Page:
mechanism or process short of full-scale statutory enactment which could rectify procedural misjudgments by Congress or by the agencies? I shall return to this point later. For the present, I repeat that I approve the conceptual basis which underlies the "general hearing" and "expedited procedures" proposals.
Turning now to the informal rulemaking provisions of the Administration [§201(a), p. 23 et. seq.] and Kennedy [$102, p. 3 et. seq.] bills--the Ribicoff bill has no similar proposals--the picture is more complicated.
The Administration bill proposes several changes in section 553. Generally speaking, those changes are intended to make the present section 553 requirements of notice, comment and concise general statement more detailed. They are not designed to require or encourage what has come to be known as "hybrid rulemaking". The Kennedy bill, on the other hand, is intended to encourage hybrid rulemaking with respect to a "significant" rule which is defined as a "rule or series of closely related rules which will result in an annual impact on the economy of $100,000,000 or more; or any other rule or series of closely related rules which the agency determines is likely to have an equally significant impact on the economy" [S101, p. 2). In the case of a proposal for a significant rule, the agency:
[M] ay use either oral or written procedures
This is so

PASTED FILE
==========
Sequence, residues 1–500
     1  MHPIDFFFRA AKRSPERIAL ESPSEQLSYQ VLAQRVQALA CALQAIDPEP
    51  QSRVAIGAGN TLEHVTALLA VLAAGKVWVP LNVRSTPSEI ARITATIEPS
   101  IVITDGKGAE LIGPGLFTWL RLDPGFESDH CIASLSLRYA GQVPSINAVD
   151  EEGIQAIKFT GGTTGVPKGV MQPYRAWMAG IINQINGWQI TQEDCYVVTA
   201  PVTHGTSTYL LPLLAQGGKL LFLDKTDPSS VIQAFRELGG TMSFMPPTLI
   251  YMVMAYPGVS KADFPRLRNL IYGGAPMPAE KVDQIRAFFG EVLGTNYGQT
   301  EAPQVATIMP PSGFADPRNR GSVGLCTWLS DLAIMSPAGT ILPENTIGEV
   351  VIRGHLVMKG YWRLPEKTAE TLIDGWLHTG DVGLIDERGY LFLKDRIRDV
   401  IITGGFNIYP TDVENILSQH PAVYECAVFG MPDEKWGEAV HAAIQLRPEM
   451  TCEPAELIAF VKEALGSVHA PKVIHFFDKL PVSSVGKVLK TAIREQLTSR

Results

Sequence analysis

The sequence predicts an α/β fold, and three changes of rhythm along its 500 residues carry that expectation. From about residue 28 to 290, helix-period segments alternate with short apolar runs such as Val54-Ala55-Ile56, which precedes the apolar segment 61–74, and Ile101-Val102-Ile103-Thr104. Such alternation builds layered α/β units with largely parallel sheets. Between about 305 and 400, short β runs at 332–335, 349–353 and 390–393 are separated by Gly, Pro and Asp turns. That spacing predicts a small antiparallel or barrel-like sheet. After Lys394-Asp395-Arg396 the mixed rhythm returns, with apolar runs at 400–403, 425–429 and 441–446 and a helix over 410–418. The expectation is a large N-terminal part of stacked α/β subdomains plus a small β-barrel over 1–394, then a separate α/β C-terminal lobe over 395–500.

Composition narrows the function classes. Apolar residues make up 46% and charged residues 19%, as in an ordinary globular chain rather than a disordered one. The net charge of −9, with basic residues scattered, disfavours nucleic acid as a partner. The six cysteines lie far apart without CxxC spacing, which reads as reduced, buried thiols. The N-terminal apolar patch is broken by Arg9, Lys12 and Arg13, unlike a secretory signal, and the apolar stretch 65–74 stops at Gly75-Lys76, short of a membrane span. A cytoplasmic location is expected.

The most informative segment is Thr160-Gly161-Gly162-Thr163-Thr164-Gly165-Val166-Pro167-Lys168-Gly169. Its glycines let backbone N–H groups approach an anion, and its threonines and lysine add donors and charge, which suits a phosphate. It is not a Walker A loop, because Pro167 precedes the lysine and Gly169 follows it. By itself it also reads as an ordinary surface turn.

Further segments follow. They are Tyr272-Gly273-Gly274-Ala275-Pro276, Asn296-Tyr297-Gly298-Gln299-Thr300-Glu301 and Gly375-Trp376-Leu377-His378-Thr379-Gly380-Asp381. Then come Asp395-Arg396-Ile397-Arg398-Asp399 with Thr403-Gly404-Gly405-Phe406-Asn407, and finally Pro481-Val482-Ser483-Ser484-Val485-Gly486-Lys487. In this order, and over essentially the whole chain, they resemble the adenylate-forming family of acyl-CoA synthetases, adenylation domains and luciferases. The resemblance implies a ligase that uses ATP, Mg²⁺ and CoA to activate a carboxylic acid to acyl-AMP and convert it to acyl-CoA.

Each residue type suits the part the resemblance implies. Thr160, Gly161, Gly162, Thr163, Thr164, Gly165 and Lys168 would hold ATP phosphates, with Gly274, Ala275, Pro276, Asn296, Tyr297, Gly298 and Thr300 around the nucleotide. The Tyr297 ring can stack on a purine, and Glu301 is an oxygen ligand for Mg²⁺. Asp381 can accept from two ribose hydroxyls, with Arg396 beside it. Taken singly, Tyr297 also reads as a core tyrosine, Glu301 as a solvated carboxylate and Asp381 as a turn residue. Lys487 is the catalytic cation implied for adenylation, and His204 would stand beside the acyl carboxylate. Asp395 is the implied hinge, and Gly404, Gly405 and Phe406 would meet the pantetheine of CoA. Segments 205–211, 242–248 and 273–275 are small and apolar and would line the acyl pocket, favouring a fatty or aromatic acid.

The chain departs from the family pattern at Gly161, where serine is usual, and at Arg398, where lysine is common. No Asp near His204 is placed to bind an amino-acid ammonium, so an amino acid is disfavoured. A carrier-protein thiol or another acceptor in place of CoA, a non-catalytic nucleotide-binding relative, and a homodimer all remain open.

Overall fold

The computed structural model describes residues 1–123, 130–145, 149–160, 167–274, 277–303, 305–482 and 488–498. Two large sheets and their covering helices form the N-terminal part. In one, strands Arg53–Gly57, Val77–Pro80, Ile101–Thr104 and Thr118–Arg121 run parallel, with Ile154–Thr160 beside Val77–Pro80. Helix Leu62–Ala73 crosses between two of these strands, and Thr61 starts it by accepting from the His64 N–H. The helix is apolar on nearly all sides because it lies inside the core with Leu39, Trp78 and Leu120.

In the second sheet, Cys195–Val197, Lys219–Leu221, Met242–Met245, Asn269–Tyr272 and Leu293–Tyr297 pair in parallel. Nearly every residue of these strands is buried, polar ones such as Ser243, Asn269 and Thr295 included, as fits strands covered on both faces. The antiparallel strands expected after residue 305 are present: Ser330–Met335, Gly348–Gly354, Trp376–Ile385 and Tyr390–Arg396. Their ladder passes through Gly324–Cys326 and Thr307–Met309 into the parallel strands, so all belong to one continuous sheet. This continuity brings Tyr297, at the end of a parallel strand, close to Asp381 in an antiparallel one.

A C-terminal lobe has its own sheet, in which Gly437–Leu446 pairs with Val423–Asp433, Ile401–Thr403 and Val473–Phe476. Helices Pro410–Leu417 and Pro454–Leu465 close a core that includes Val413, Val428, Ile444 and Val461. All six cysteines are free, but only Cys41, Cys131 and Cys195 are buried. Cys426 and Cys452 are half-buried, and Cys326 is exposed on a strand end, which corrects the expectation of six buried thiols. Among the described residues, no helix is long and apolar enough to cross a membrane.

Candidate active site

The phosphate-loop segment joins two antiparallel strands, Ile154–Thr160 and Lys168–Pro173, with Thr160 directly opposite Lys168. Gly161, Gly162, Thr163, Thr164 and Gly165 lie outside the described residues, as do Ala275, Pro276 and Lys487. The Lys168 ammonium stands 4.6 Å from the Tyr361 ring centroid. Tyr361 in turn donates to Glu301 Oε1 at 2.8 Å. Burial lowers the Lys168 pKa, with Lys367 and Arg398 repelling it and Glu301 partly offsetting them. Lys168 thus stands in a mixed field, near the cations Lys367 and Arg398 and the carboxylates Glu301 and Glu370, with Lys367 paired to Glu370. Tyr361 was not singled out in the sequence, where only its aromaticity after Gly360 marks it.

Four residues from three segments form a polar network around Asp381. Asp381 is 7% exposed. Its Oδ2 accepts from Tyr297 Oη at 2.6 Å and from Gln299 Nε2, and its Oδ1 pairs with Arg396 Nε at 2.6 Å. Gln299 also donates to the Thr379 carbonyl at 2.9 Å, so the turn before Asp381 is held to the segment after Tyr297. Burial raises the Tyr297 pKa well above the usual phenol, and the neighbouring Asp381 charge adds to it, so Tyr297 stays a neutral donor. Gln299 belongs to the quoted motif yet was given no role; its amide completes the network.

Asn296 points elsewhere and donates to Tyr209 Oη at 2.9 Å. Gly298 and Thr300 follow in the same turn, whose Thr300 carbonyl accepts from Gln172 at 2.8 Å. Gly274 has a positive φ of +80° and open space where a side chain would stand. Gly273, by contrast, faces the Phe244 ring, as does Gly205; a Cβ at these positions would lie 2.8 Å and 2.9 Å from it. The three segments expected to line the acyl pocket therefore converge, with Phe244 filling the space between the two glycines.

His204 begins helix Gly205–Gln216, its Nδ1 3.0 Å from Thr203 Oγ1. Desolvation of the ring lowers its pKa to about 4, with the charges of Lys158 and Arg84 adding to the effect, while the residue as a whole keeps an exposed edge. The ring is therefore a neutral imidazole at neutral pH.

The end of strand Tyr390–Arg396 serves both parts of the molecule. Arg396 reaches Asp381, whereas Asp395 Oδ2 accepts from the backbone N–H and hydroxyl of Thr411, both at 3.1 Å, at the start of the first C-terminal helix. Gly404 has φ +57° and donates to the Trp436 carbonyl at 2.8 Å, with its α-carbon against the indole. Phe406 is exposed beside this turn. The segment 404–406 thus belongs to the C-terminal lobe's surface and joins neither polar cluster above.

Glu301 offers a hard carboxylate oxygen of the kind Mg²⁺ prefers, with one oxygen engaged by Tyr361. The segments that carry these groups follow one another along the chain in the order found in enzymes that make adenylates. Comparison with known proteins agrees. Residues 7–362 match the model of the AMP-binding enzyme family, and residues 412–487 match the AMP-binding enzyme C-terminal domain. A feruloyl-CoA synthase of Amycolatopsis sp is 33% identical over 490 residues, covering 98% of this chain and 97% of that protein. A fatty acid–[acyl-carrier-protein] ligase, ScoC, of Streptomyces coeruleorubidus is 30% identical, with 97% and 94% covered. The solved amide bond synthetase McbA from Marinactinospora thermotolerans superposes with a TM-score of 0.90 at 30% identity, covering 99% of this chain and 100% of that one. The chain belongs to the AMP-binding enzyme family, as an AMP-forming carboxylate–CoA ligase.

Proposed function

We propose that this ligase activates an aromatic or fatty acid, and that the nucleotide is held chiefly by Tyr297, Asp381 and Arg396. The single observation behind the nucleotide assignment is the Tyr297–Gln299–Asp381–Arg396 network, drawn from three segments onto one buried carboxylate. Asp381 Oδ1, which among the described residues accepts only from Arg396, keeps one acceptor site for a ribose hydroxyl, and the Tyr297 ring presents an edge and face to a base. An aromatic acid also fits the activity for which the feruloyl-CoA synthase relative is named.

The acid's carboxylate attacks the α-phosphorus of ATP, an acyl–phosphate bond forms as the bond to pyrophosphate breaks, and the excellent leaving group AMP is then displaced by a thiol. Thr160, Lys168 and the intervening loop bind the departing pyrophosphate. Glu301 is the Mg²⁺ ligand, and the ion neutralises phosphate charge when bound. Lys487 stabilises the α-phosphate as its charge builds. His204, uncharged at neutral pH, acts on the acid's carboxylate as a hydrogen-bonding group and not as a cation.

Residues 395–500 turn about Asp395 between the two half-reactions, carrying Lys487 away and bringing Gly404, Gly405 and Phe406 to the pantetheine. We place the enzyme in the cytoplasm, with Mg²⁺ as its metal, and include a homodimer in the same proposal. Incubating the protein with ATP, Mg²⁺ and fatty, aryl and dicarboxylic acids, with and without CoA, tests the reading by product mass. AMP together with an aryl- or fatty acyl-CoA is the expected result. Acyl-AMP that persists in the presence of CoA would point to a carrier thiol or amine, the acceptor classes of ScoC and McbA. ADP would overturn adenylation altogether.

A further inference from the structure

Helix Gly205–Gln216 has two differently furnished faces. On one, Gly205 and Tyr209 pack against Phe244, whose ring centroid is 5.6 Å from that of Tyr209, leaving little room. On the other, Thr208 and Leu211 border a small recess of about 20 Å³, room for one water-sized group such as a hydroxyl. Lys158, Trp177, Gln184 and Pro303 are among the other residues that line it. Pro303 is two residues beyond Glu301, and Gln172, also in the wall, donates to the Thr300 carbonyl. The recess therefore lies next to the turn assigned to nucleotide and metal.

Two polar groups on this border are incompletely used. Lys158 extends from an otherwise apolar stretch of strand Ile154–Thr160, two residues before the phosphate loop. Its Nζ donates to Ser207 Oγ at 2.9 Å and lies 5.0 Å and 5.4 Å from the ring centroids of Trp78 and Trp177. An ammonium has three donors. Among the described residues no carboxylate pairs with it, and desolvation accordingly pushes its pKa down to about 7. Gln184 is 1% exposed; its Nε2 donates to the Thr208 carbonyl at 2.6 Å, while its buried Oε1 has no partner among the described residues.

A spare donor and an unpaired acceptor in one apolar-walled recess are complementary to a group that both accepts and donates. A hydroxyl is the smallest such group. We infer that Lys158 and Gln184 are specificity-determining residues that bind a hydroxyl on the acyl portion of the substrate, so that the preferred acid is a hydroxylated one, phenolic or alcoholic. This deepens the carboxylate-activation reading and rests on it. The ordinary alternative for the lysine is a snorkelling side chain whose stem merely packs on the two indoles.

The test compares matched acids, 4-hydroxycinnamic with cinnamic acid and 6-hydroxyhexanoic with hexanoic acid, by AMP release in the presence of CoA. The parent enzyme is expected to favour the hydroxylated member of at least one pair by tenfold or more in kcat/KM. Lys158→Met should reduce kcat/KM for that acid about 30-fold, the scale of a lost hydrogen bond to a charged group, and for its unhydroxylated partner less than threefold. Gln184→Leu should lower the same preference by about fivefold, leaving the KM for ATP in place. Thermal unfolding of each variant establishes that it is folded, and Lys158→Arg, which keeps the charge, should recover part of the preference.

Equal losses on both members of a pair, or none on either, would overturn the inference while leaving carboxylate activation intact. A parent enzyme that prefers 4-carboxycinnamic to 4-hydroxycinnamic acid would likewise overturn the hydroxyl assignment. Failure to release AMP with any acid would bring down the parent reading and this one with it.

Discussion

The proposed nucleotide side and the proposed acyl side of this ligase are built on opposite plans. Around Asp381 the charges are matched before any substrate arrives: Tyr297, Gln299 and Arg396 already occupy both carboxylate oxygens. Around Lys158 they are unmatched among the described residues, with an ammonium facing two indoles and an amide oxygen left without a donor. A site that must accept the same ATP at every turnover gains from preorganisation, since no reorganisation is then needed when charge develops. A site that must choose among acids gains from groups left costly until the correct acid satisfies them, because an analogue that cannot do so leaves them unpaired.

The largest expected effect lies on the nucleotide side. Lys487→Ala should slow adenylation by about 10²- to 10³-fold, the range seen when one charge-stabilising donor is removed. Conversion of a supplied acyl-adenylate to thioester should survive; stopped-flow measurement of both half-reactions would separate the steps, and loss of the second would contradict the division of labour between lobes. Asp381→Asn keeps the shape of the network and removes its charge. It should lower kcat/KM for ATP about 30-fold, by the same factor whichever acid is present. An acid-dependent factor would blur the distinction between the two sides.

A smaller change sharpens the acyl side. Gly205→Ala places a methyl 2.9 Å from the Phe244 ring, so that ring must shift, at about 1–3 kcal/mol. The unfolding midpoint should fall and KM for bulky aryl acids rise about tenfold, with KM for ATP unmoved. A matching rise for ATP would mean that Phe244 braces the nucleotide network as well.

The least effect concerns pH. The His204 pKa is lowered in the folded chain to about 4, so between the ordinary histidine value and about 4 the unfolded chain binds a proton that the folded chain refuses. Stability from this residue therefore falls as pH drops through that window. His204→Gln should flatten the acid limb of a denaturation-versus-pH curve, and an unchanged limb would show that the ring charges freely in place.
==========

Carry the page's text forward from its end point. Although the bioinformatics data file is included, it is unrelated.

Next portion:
Whether one approves or disapproves these provisions will depend in part on one's assessment of Vermont Yankee. Those who believe that pre-Vermont Yankee judicial prescription of hybrid rulemaking was a desirable development will tend to approve the Kennedy bill proposals. because although the bill provides that an agency may--not must--consider employing the listed hybrid procedures, it is likely that a court would review the agency's decision concerning utilization of the listed hybrid rulemaking procedures to determine whether the decision was arbitary or capricious or an abuse of discretion; and in exercising this reviewing function the court might substitute its judgment for that of the agency. It is true, of course, that a court might hold that Vermont Yankee precludes review except to determine whether there are "constitutional constraints or extremely compelling circumstances" which require hybrid procedures. Unless the matter is clarified by statutory language or rather